Research even shows that smartphones and social media apps manipulate the dopamine-driven reward system in our brains to create a habit that mimics gambling addiction.[10] Even when these tools don’t cost money, they have the capacity to deplete something much more valuable—our time, energy, and peace of mind.

This volatile mix may be generating a baseline cause of stress that has led directly to some of the other causes of stress mentioned in this article, including lack of sleep, alcohol or caffeine use, and unsupportive food choices/mindless eating.

Now, more than ever, we need to resist the urge to bombard our brains with fear-based information and distraction-inducing habits.

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Forward-focused actions to take now:

  • Create firm boundaries around your “check-in” time for reading and responding to emails or social media, both personal and professional.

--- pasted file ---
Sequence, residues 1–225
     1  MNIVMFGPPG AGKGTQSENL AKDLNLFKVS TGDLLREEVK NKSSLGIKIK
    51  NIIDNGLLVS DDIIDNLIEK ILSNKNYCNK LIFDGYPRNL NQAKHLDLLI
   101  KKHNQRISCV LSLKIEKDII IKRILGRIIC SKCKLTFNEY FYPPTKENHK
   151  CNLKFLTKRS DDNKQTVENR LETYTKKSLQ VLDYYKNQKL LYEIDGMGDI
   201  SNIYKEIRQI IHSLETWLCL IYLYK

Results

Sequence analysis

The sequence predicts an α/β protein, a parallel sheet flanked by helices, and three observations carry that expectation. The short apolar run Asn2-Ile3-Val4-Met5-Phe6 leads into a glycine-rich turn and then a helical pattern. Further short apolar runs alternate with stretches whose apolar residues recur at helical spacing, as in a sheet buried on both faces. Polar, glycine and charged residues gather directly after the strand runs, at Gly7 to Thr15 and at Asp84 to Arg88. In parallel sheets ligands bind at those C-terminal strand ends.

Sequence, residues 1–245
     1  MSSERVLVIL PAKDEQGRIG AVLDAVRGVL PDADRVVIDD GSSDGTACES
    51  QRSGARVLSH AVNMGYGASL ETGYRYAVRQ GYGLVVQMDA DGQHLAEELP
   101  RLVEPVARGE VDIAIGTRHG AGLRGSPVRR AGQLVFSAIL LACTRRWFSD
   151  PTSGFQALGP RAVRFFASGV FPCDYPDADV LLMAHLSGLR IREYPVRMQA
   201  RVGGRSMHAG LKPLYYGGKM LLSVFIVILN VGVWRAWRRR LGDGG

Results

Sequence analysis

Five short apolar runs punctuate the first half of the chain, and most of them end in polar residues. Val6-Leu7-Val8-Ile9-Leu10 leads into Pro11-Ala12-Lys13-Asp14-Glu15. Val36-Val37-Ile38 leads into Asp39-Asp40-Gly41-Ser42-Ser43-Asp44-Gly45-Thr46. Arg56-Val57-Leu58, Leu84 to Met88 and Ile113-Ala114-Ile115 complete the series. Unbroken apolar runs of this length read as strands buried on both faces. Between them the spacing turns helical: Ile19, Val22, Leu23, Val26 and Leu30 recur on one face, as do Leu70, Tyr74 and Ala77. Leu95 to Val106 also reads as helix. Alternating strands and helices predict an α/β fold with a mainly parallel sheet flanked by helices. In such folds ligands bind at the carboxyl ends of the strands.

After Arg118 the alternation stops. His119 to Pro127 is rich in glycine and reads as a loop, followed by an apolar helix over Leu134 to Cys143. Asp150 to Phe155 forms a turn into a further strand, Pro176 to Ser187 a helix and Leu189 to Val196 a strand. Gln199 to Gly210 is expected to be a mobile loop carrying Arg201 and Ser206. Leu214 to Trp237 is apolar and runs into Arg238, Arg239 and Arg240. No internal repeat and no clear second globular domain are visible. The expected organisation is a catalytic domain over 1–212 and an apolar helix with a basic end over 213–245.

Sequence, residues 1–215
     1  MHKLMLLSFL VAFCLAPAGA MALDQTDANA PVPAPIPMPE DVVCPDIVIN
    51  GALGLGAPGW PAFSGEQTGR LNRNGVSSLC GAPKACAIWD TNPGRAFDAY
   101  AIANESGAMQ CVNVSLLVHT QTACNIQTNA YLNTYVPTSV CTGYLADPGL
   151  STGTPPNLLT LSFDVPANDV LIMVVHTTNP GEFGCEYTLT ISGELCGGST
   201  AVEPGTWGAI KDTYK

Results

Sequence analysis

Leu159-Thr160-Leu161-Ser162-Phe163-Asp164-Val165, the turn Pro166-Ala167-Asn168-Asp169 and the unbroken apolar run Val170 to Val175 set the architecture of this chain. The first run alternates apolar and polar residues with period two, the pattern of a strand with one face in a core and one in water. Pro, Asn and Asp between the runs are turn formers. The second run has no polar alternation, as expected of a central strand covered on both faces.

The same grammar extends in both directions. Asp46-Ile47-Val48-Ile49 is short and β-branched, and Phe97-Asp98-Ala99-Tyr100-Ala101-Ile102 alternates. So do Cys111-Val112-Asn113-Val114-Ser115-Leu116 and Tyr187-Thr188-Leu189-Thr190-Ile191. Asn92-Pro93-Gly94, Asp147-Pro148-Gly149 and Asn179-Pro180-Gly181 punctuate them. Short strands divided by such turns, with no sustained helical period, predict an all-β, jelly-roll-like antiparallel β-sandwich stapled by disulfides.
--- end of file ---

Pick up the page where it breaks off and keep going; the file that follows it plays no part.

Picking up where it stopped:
• Disable notifications on your devices to eliminate distractions.
  • Eliminate or minimize news exposure and only consume news from deliberately selected sources.
  • Stay focused on your top priorities and make sure your actions are aligned. Put this note on your screensaver/wallpaper as a reminder: “Is my behavior getting me what I want?”

Putting the Pieces Back Together

By flipping our perspective, we can see these lifestyle choices as the active causes of stress that they are, instead of stress aftereffects that are outside of our control. Circumstance might have made a mess of our puzzles, but we each have the power to pick up the pieces.

With a few simple shifts and a dedication to change, we can stop approaching them from a passive or reactive stance and take intentional action to improve our daily life. Just pause, look at the big picture, and reclaim control—then, watch as the puzzle pieces of your life click back into place with more energized ease and calm.

Tips on How to Handle Stress

Featured photo credit: engin akyurt via unsplash.com

Reference